By Amy Lademann
Originally posted in Fit Nation Magazine
You run, swim, squat, and lunge through each training session. But the more you train, the more you notice your body is feeling tighter, your back is feeling stiffer, your movement patterns become hindered, so what do you do? Stretch….but your usual stretches are just not cutting it. Read on to learn about my 5 must do stretches to keep from injury.
Having spent many years working with athletes of all kinds, I hear about lower back and hip flexor issues all the time. Often athletes feel tightness in their lower back and think they have a back issue. However, when your hip flexors, glutes, and hamstrings become too tight, they wreak havoc on your lower back. Let’s take a look at how these muscles work.
The “Hip Flexors” are a group of muscles that flex the hip. There are quite a few muscles that actually flex the hip, but two are specifically referred to as hip flexors. The iliopsoas group consists of the psoas and the iliacus and both attach to the femur. The psoas attaches to the lower back, whereas the iliacus attaches to your hipbone. Sitting down puts these muscles in a shortened position, and as a result, leaves them pretty tight. The psoas attaches to the lower back, and if it’s tight, it can pull your back forward. This is a common cause of back pain. A tight hip flexor may also inhibit your glute activation, which means whatever work you are doing to strengthen your glutes, may not be working effectively. Weak glutes mean you are susceptible to additional injuries and have a lack of power in simple things, such as walking up the stairs.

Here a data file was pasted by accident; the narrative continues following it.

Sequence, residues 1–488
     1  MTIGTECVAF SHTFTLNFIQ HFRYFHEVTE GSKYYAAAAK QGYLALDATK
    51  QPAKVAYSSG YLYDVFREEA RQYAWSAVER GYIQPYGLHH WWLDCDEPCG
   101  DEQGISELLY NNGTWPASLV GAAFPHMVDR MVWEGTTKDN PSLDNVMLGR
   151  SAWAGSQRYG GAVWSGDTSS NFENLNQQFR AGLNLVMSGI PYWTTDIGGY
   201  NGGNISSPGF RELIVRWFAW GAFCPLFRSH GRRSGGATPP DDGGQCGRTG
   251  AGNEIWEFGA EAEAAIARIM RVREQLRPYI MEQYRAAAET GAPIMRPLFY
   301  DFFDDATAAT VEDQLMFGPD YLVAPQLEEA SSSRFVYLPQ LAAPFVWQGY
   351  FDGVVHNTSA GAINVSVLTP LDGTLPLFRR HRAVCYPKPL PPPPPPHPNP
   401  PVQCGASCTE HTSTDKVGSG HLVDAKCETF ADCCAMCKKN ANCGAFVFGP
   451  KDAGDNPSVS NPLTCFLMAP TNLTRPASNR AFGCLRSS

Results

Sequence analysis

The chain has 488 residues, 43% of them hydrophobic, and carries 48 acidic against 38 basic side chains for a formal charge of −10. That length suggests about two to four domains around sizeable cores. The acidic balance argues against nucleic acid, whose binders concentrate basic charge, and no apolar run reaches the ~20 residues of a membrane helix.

The piriformis muscle helps to stabilize the hip. This muscle is important for athletes who participate in running sports that require sudden changes of direction. The piriformis works along with other hip rotators to turn the hips and upper leg outward (external rotation of the hip). Strong and flexible hip rotators keep hip and knee joints properly aligned during activities and help prevent sudden twisting of the knee during quick side-to-side movements, quick turns, lunges, or squats.
The iliotibial (IT) band is a group of fibers that run along the outside of the thigh and stabilizes the entire leg during activities, such as running or stair-climbing. It begins at the hip and extends to the outer side of the shin bone (tibia), just below the knee joint. This area is exceptionally tight on most athletes and will inhibit proper form and range of motion over time. Many runners experience pain due to inflammation and irritation of a tight, inflexible IT band.
So, What Exercises Improve Your Performance?